Zakaria Does a Barnicle

Has Fareed Zakaria channeled his inner Mike Barnicle?

Reading that Zakaria has been suspended indefinitely by CNN and for one month by Time for plagiarizing a recent New Yorker article (how dumb is that?) reminded me that the execrable Mike Barnicle still appears on The Morning Joe. From Wikipedia:


In 1998, Barnicle resigned from the Boston Globe amid allegations of fabrication and plagiarism. Barnicle’s October 8, 1995, column recounted the story of two sets of parents with cancer-stricken children. When one of the boys, a black child, died, the parents of the other boy, a white child who had begun to recover, sent the dead child’s parents a check for $10,000. When the Globe could not locate the people who had not been publicly identified, Barnicle insisted nonetheless that the story was true. He said he did not obtain the story from the parents but from a nurse, whom he declined to identify. Mrs. Patricia Shairs later contacted the Globe to indicate that the story Barnicle wrote was about her family, although she said some of the facts were incorrect.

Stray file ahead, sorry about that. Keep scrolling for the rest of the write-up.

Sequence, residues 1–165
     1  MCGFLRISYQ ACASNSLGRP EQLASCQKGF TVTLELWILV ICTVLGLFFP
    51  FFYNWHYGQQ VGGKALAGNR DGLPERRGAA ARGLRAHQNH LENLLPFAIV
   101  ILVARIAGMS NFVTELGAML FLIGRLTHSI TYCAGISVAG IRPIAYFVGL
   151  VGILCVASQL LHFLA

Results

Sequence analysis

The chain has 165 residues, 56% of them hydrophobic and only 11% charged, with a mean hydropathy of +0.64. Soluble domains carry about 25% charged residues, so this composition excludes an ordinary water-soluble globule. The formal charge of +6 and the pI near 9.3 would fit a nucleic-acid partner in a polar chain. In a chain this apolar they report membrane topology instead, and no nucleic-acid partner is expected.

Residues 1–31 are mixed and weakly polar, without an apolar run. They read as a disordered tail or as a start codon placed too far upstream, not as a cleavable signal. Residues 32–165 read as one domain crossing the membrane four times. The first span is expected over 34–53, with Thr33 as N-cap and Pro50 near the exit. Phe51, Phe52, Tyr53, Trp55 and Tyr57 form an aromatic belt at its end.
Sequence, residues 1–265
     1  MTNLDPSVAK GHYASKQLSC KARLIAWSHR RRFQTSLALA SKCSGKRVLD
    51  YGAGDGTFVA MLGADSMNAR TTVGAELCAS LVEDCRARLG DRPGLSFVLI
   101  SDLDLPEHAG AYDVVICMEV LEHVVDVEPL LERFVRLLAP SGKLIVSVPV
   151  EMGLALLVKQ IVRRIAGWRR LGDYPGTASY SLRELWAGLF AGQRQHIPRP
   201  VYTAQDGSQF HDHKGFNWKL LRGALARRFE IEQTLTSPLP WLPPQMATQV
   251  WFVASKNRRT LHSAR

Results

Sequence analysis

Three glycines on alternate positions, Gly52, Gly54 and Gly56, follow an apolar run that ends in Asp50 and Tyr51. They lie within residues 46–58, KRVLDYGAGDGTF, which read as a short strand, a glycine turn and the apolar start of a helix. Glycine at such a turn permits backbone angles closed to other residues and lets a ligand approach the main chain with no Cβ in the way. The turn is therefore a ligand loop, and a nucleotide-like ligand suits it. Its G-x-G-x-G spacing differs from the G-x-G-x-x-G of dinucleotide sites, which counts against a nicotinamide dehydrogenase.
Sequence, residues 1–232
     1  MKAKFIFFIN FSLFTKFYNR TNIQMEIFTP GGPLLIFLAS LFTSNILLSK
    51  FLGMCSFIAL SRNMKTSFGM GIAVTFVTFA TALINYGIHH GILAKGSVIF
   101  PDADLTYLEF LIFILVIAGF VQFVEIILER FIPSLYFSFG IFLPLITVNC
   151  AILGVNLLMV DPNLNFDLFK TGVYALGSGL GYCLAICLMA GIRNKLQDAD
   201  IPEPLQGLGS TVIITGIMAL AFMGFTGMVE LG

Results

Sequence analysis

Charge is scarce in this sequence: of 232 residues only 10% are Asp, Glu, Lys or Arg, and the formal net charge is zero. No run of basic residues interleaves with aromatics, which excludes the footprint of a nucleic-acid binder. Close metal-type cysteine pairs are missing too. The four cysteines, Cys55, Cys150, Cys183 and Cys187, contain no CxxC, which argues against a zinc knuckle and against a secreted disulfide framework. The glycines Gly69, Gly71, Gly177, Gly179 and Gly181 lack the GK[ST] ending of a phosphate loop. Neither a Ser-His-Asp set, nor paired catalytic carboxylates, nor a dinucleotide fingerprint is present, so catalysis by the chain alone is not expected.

The second column in question contained more than 80 lines of humorous observations dated August 2, 1998, about a third of which plagiarized observations from the 1997 book Brain Droppings by George Carlin.[5] Although Barnicle said he had never read the book, the editor of the Globe issued a temporary suspension. WCVB-TV then aired a video clip of Barnicle recommending the book to viewers for upcoming summer reading, saying it had a “yuk on every page.” Globe editor called for his resignation but this was rescinded under fire from readers, advertisers and a group of media personalities. Instead the suspension period doubled.[6]


Sorry, but to me, as a longtime professional writer and now CEO of a media company, plagiarism is a one-time offense. It’s villainous theft of intellectual property from your peers. Do it once, get caught and find another profession. (There are plenty.) Barnicle should not be appearing on The Morning Joe and I don’t want to read or another word from Fareed Zakaria ever.

And that goes for fancy-shmancy historians Stephen Ambrose and Doris Kearns Goodwin too. Go away – all of you.

And now for The Great Lobachevsky.



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